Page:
Neon Indian's touring opener comes from within the band itself - Alan's help on keys and guitar make up Explorer Tapes, a brand new act with an LP on its way soon. Like Neon Indian, they are San Antonio via Los Angeles, and they repurpose the synthesizers of yesteryear for sonic recycling in the modern day. Unlike Neon Indian, Explorer Tapes tend to choose sweeping ballads over psychedelic freakout. Slow dance masterworks like "Julia" and "Kids These Days" stole the crowd, even without ever hearing the track before. Elsewhere, alt-country burners like "It All Depends On You" gave them an appropriate lock on their geography. We don't know much about Explorer Tapes yet, but when their LP drops in the near future, this won't be one to ignore.

Explorer Tapes:

Explorer Tapes

Explorer Tapes

Explorer Tapes

Explorer Tapes

Explorer Tapes

On the spectrum of his contemporaries, Alan Palomo finds himself on the more chaotic end. Where others choose synth-pop and repurposed new-wave as a form to induce a sense of nostalgia or familiarity, Neon Indian ditches Back to the Future and goes straight for Primer, with more parallel universes than anyone can keep up with. It's something that fans have come to expect from Alan, and with VEGA INTL. Night School on the horizon, there's less than a month of time left before we dive headlong into another psychic odyssey. But to whet our taste buds, Alan has embarked on an expansive tour in support of the record, playing almost all of it live... all before it comes out.

I can honestly say, tonight here at Neptune, this is the most fun I've ever had dancing to an hour of music I've never heard in my life. Night School tracks abounded, from the disco shimmers of "The Glitz Hive" to the pounding dark-wave grind of "Slumlord", and all weirdness in between (see: the bizarrely inverted arena anthem "News From The Sun"). A handful of familiars graced the new tracks (Psychic Chasms classics "Deadbeat Summer", "Mind, Drips", and "Terminally Chill", along with Era single "Polish Girl"), but they were far from the evening's focus - more a treat for good behavior. Alan was dead set on debuting Night School in the most bombastic, contentious way possible. With his five piece band, the sheer size of Neon Indian has, at the very least, quadrupled. Lead single "Annie" sounds massive, like the band you always imagined Neon Indian could be if they shook the (ahem) chill that has stalked them. As we've seen it thus far, Night School is sweeping and vivid, but also challenging and murky, and in every instance, completely over the top. It's a Neon Indian record well worth the four year wait, so much so that fans danced relentlessly through an evening of completely unfamiliar music. This is as good as testament as any to the music being presented here.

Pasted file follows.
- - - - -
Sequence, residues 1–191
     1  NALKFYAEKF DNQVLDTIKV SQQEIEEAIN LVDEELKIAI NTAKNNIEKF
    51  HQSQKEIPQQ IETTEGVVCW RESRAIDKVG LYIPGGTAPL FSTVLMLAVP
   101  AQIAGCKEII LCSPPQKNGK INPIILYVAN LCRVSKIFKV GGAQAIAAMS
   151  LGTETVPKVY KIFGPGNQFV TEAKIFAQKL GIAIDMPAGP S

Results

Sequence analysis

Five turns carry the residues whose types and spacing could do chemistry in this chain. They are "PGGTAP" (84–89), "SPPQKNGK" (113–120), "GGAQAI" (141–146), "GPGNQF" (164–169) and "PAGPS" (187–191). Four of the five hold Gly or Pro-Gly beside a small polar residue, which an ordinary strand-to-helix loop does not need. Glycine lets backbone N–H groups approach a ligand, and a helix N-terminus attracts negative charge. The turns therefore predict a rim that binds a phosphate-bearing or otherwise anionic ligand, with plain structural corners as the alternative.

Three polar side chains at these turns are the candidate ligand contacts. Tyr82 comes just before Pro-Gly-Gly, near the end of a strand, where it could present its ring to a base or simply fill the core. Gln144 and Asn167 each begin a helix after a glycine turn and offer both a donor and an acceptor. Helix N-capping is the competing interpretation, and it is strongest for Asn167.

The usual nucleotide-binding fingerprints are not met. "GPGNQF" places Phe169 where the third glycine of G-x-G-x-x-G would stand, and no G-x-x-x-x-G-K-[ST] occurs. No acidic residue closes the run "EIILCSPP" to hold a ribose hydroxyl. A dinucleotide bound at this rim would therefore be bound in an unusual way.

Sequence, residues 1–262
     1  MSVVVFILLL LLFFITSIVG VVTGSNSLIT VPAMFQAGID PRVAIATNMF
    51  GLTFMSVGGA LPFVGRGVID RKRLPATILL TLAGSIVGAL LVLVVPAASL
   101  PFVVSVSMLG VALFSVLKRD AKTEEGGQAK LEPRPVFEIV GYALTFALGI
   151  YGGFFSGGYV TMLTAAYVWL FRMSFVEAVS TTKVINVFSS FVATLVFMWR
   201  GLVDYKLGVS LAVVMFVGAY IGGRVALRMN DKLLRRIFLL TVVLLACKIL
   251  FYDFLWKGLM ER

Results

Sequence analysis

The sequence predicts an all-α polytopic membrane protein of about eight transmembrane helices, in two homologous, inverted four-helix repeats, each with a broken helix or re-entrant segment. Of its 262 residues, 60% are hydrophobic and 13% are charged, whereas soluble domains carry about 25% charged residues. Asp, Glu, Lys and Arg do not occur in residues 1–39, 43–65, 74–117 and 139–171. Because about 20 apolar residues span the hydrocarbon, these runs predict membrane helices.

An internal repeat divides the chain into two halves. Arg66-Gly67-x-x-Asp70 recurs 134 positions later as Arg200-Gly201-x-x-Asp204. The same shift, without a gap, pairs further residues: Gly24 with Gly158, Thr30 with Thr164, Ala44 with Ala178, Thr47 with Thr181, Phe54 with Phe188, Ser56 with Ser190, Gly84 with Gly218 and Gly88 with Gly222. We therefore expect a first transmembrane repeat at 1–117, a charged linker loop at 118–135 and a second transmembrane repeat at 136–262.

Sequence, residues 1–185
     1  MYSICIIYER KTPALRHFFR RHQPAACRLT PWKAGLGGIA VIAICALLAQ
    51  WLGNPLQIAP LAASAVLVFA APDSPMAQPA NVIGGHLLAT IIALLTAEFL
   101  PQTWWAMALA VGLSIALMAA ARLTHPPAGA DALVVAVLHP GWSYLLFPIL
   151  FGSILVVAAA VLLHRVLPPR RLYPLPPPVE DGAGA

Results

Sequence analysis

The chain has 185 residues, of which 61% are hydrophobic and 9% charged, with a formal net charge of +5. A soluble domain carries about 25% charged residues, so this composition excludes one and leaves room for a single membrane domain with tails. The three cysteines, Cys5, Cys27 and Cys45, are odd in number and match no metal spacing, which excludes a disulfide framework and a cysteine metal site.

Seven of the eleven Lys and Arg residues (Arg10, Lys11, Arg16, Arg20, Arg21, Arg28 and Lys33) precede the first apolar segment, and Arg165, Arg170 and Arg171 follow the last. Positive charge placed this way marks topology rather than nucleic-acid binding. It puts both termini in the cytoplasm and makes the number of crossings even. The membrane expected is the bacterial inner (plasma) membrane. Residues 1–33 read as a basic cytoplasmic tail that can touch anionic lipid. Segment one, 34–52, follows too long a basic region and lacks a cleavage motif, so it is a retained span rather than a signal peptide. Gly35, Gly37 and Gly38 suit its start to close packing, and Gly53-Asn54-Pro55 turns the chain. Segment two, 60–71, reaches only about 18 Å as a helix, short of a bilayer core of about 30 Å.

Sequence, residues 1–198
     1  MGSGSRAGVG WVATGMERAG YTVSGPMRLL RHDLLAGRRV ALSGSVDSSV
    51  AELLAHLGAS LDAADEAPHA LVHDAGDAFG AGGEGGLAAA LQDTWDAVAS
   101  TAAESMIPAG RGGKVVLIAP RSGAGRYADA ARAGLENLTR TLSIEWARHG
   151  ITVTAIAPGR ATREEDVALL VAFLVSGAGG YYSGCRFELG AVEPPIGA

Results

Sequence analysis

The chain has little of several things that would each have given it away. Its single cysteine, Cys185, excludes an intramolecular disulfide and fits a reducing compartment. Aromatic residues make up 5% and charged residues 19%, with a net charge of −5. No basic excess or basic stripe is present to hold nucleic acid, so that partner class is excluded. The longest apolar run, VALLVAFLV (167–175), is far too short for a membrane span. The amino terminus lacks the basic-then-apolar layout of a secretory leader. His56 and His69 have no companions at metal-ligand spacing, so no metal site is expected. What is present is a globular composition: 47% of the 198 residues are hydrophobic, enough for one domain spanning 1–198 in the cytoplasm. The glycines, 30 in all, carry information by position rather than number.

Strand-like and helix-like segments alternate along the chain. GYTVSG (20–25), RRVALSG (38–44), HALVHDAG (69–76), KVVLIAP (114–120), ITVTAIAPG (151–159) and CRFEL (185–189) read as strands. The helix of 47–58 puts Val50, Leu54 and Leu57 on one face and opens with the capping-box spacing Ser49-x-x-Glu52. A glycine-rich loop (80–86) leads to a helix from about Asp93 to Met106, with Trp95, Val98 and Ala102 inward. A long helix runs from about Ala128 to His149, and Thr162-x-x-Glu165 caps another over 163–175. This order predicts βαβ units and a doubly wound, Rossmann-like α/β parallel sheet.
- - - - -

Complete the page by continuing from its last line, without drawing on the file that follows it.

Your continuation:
Of course, it's also a testament to Alan's electric presence as Neon Indian's figurehead and five-piece band frontman. Palomo was a natural pop star on stage, bantering with the crowd with ease and getting plenty of reciprocation on requests for participation. Every song became a surefire single within a minute of its introduction. This new and vivacious Neon Indian is what the world has been waiting for. Now we just can't wait to blast the record and invite Alan back for a more familiar party.

Neon Indian:

Neon Indian

Neon Indian

Neon Indian

Neon Indian

Neon Indian

Neon Indian

Neon Indian

Neon Indian

Neon Indian

Neon Indian

VEGA INTL. Night School is out next month on Mom + Pop.